GOLDBLATT v. Sears, Roebuck & Co., Third-Party Defendant-Respondent.

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Supreme Court, Appellate Division, Second Department, New York.

Deborah GOLDBLATT, et al., Appellants, v. LaSHELLDA MAINTENANCE COMPANY, Defendant and Third-Party Plaintiff-Respondent; Sears, Roebuck & Co., Third-Party Defendant-Respondent.

Decided: December 26, 2000

WILLIAM D. FRIEDMANN, J.P., GABRIEL M. KRAUSMAN, HOWARD MILLER and SANDRA J. FEUERSTEIN, JJ. The Breakstone Law Firm, P.C., Bellmore, N.Y. (Jay L.T. Breakstone of counsel), for appellants. Puglisi & Michioka, P.C., Lake Success, N.Y. (Robin Mary Heaney of counsel), for defendant third-party plaintiff-respondent. Gregory J. Parisi, Mineola, N.Y., for third-party defendant-respondent.

In an action to recover damages for personal injuries, etc., the plaintiffs appeal from an order of the Supreme Court, Nassau County (McCarty, J.), dated October 12, 1999, which granted the motion of the defendant third-party plaintiff for summary judgment dismissing the complaint.

ORDERED that the order is affirmed, with one bill of costs.

The injured plaintiff, Deborah Goldblatt, allegedly slipped and fell on a vinyl tile floor at her workplace, a store owned by the third-party defendant Sears, Roebuck & Co. (hereinafter Sears) in Hicksville.   The defendant third-party plaintiff, LaShellda Maintenance Company (hereinafter LaShellda) was responsible for daily cleaning of the store.   The plaintiffs alleged that the floor was slippery because LaShellda failed to apply a finish to the floor after stripping it.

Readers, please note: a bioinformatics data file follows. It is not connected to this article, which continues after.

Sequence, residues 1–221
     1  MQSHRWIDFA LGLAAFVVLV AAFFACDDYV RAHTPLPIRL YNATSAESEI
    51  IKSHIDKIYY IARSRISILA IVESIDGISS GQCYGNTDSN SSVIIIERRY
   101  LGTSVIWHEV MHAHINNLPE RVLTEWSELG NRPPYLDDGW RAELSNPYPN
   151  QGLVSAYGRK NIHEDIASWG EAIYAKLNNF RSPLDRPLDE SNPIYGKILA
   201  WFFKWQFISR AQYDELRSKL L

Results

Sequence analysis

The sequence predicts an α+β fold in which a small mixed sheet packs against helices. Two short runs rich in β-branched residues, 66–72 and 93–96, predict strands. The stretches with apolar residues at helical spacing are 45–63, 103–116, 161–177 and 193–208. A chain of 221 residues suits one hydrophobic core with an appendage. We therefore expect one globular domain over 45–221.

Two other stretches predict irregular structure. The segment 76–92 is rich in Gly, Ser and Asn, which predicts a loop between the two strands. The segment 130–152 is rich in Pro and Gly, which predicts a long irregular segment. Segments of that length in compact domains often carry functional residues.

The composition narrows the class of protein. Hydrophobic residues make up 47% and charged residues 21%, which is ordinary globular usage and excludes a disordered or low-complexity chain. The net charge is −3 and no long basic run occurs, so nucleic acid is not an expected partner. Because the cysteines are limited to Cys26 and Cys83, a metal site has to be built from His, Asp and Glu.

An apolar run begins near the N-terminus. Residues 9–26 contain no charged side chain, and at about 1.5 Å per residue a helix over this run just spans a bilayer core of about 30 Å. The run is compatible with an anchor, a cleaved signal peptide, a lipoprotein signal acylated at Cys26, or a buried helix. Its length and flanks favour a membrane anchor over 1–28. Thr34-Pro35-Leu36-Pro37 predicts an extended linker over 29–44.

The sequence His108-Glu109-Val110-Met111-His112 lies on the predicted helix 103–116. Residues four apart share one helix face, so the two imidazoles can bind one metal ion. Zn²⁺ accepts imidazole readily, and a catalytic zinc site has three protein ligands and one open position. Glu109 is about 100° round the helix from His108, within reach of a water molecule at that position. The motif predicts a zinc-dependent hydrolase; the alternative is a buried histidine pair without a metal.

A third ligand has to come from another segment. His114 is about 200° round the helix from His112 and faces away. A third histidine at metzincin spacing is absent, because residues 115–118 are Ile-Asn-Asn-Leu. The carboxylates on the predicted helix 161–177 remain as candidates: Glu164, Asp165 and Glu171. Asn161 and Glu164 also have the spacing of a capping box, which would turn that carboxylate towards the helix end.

After LaShellda established a prima facie case of its entitlement to summary judgment, the plaintiffs failed to raise a triable issue of fact.   Absent proof of a reason for a fall other than the “inherently slippery” condition of a floor, no cause of action sounding in negligence can be sustained (see, Brandefine v. National Cleaning Contr., 265 A.D.2d 441, 696 N.Y.S.2d 520;  Bouloukos v. Vassar Bros. Hosp., 262 A.D.2d 342, 691 N.Y.S.2d 570;  Lee v. Rite Aid of New York, 261 A.D.2d 368, 689 N.Y.S.2d 199).   In this case, the plaintiffs submitted no expert testimony to support the claim that stripping a tile floor and leaving it without a finish created a dangerous condition (see, Klar v. Pegno Constr. Corp., 266 A.D.2d 434, 698 N.Y.S.2d 537;  Rivera v. Adinolfi, 249 A.D.2d 55, 671 N.Y.S.2d 57).   The plaintiffs' opposition papers were therefore insufficient to defeat the prima facie showing by LaShellda of its entitlement to summary judgment (see, CPLR 3212[b] ).

The plaintiffs' contention that the tiles were worn smooth because of the maintenance of the floor by LaShellda is improperly raised for the first time on appeal, and, in any event, is not supported by the record (see, First Nationwide Bank, FSB v. Goodman, 272 A.D.2d 433, 707 N.Y.S.2d 669;  Matter of ELRAC v. Edwards, 270 A.D.2d 414, 705 N.Y.S.2d 265).   Accordingly, the Supreme Court properly granted the defendant's motion for summary judgment.


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